Quick, start naming the best superhero movies ever made. Yeah, I’m hearing a lot about Superman and Batman and Spider-Man and Batman Begins and The Batman and okay I get it, there are a lot of great Batman movies. But any list that fails to include The Rocketeer has a glaring oversight. After Batmania swept the nation in 1989, Hollywood responded in the most curious way. Rather than greenlight a slew of movies based on popular superheroes from Marvel and DC comic books, they spent the next few years releasing films based on pulpy heroes from 1930s comic strips and radio dramas like Dick Tracy (1990), The Shadow (1994), and The Phantom (1996). Luckily for Dave Stevens, he’d written and drawn a comic in the eighties that paid homage to the era that was now in vogue, so in 1991, we got The Rocketeer, which sadly disappointed at the box office and never became the franchise it deserved to be. I had fond memories of it as a kid, and I’m pleased to report it holds up as an adult, even moreso because of how it compares to the modern superhero movies popularized by the Marvel Cinematic Universe. The MCU even had the good sense to recruit director Joe Johnston to helm Captain America: The First Avenger when they needed their own Nazi-fightin’ superhero origin story! Watching this nineties adaptation of an eighties comic set in the thirties in the year 2023, I was struck by its endearing sincerity, a trait I’ve been appreciating in movies so much more because modern superhero movies — and blockbuster films in general — have embraced a sarcastic “Well, that happened” attitude over this film’s sincere “Gee whiz!” ethos. And while that tone pervades the film, I was even more struck by the times it managed to make light of superhero schtick without sacrificing its earnestness.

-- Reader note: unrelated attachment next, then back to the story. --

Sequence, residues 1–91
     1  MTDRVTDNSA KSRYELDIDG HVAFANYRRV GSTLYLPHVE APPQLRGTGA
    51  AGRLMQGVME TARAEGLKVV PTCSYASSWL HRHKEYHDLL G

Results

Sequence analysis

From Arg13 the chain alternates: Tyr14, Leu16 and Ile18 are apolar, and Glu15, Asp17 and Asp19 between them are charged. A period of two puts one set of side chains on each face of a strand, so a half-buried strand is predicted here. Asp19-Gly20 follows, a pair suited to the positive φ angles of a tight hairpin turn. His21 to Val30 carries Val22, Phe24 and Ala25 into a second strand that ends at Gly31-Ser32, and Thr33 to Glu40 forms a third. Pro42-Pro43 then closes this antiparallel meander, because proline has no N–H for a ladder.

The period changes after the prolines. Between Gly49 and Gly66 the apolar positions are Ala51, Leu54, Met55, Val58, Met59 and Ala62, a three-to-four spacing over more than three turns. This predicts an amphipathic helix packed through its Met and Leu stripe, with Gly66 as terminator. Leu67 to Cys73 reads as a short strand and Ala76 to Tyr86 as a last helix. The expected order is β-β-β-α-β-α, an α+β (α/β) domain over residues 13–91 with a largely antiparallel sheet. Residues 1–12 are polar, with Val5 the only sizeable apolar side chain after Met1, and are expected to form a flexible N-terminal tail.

Long before it became de rigeur for superhero movies to deride their source material for putting characters in yellow spandex, The Rocketeer pulled off a similar joke with sweetness rather than sarcasm. Anyone who sees a drawing of the Rocketeer immediately notices the iconic helmet, a beautiful piece of design work, so the film builds up to the moment that Cliff Secord (a wholesome Billy Campbell) puts it on to complete the look. First, after a disastrous test run with the jet pack ends with a statue missing a large chunk of his head, Cliff worriedly declares, “I think we’re gonna need a helmet.” Later, we see mechanic Peevy (a grandfatherly Alan Arkin) building that helmet long into the night, but we don’t get a good look at it. Then in the morning, Cliff walks in to find the helmet covered in a cloth, and we have to wait for him to remove it so we can see what this helmet looks like in real life, off the comic book page. And it looks pretty cool! To us! Cliff’s reaction? “He has got to be kidding.” Notably, though, it’s a quiet moment for only him, as Peevy’s asleep, so it lacks the meanness it would have if he’d reacted that way to Peevy’s face. When the time comes for him to put it on, however, he’s consumed by a sense of heroism, needing to save a friend in danger, and so he doesn’t make any objections to its aesthetic qualities. Instead, he asks Peevy how he looks, and Peevy shoots back, “Like a hood ornament.” It’s gruff but warm, an acknowledgment that it may look objectively silly but it doesn’t matter.